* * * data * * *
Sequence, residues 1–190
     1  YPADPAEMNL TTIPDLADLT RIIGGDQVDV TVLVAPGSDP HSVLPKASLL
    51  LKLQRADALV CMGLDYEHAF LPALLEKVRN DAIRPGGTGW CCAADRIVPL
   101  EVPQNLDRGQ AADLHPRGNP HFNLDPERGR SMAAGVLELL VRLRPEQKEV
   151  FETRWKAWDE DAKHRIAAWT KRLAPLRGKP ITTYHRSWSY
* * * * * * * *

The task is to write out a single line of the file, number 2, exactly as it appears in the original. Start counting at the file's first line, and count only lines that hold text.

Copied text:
     1  YPADPAEMNL TTIPDLADLT RIIGGDQVDV TVLVAPGSDP HSVLPKASLL